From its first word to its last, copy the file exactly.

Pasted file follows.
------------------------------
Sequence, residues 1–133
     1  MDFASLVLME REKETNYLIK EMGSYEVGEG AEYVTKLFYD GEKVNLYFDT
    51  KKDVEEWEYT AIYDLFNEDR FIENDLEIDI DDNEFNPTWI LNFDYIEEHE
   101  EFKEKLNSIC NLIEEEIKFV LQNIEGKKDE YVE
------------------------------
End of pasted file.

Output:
Sequence, residues 1–133
     1  MDFASLVLME REKETNYLIK EMGSYEVGEG AEYVTKLFYD GEKVNLYFDT
    51  KKDVEEWEYT AIYDLFNEDR FIENDLEIDI DDNEFNPTWI LNFDYIEEHE
   101  EFKEKLNSIC NLIEEEIKFV LQNIEGKKDE YVE